Seven Tips for Better Participation in Meetings


A meeting can be led (or misled) from any chair in the room. Here’s how to ensure that you add value during your next meeting.

Improved Meeting Participation

Improved Meeting Participation

  1. If it is your meeting, ask a facilitator to lead the group through major solution finding activities. Having a facilitator frees you to participate and gives responsibility for keeping order to a neutral person.
  2. Take a moment to organize your thoughts before speaking. Then express your idea simply, logically, and concisely. People are more receptive to ideas they understand. Long, complex explanations work against you.
  3. Respect others. Different views force us to develop new ideas and more ideas equates to higher quality decisions.
  4. Use positive comments in the meeting. Negative comments create defensive reactions that distract from your goals.
  5. Use structured activities. Methodological tools ensure equitable participation and systematic progress toward results.
  6. Focus on one issue at a time. Avoid stories, jokes, and unrelated issues. These waste time, distract focus, and mislead others. Save the fun for lunchtime or social occasions where it will be appreciated.
  7. Rescue wayward meetings by challenging seemingly unrelated comments. Ask, “Explain how that contributes to the issue about _______?”

Become Part of the Solution, Improve Your Facilitation Skills

The FAST curriculum on Professional Facilitation Skills details the responsibilities and dynamics mentioned above. Remember, nobody is smarter than everybody, so consult your FAST Facilitator Reference Manual or attend a FAST professional facilitative leadership training workshop offered around the world (see MG Rush for a current schedule — an excellent way to earn 40 PDUs from PMI, CDUs from IIBA, or CEUs).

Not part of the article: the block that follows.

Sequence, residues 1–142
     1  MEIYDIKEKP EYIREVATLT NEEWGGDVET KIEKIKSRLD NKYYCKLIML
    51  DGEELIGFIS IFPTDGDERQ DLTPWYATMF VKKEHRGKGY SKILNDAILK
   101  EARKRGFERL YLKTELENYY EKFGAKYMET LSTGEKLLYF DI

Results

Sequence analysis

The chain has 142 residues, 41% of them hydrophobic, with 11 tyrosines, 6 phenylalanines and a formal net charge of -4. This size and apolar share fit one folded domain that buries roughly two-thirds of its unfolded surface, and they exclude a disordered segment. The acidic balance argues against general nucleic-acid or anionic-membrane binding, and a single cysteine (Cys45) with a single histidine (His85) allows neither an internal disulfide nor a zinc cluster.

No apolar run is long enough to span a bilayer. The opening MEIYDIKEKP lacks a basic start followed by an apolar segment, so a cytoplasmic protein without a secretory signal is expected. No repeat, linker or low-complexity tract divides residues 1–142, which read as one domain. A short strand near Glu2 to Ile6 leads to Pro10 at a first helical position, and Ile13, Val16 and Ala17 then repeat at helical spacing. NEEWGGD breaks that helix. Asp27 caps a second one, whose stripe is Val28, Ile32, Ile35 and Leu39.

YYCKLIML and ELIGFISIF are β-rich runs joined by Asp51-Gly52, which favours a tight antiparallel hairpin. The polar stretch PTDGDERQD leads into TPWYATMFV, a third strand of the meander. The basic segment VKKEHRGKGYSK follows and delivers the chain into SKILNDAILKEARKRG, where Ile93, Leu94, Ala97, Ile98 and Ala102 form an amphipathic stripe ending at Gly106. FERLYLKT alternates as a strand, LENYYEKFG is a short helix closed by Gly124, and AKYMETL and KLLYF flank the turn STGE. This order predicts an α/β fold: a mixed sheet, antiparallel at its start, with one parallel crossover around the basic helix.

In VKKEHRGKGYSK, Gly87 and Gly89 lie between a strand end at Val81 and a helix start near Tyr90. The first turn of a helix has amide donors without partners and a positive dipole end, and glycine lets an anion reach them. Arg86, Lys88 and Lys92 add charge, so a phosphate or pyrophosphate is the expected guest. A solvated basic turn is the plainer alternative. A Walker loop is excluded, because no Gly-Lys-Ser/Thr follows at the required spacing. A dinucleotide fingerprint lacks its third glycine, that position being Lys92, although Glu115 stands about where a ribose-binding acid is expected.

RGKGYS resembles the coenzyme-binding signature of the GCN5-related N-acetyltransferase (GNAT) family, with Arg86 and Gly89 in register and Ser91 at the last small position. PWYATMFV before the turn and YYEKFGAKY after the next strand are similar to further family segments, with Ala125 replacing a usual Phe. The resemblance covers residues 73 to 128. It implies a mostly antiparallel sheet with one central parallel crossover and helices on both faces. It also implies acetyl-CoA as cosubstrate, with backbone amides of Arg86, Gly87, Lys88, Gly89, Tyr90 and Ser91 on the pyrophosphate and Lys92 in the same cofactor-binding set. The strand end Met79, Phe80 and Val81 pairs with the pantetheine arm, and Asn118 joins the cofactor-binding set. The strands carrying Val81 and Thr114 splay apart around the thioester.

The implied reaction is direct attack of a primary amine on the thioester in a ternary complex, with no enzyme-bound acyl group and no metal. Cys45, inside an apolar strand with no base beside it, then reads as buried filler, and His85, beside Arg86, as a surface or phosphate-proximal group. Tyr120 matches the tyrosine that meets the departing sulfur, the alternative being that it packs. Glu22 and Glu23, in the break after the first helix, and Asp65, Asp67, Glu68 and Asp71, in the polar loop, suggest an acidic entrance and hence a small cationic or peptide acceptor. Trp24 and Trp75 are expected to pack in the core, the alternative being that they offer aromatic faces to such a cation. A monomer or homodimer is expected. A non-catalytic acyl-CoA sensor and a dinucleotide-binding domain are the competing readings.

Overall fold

Do not forget to order Change or Die if you’re working on a business process improvement project. It provides detailed workshop agendas and detailed tools to make your role easier and your team’s performance a lot more effective—daring you to embrace the will, wisdom, and activities that amplify a facilitative leader.

The Tao of Facilitation


10th Verse of the Tao

Can you love your people

and govern your domain

without self-importance?

. . .

working, yet not taking credit;

leading without controlling or dominating?

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While it is not easy leaving the ego at the threshold, it is mandatory for modern and effective facilitative leadership.

Become Part of the Solution, Improve Your Facilitation Skills

The FAST curriculum on Professional Facilitation Skills details the responsibilities and dynamics mentioned above. Remember friends, nobody is smarter than everybody, so consult your FAST Facilitator Reference Manual or attend a FAST professional facilitative leadership training workshop offered around the world (see MG Rush for a current schedule — an excellent way to earn 40 PDUs from PMI, CDUs from IIBA, or CEUs).

Daring you to embrace the will, wisdom, and activities that amplify the skills of a facilitative leader.

 

Blue Ocean Strategy: How to Create Uncontested Market Space and Make Competition Irrelevant


By W. Chan Kim and Renée Mauborgne (Authors) Harvard Business School Press; 1 edition (February 3, 2005)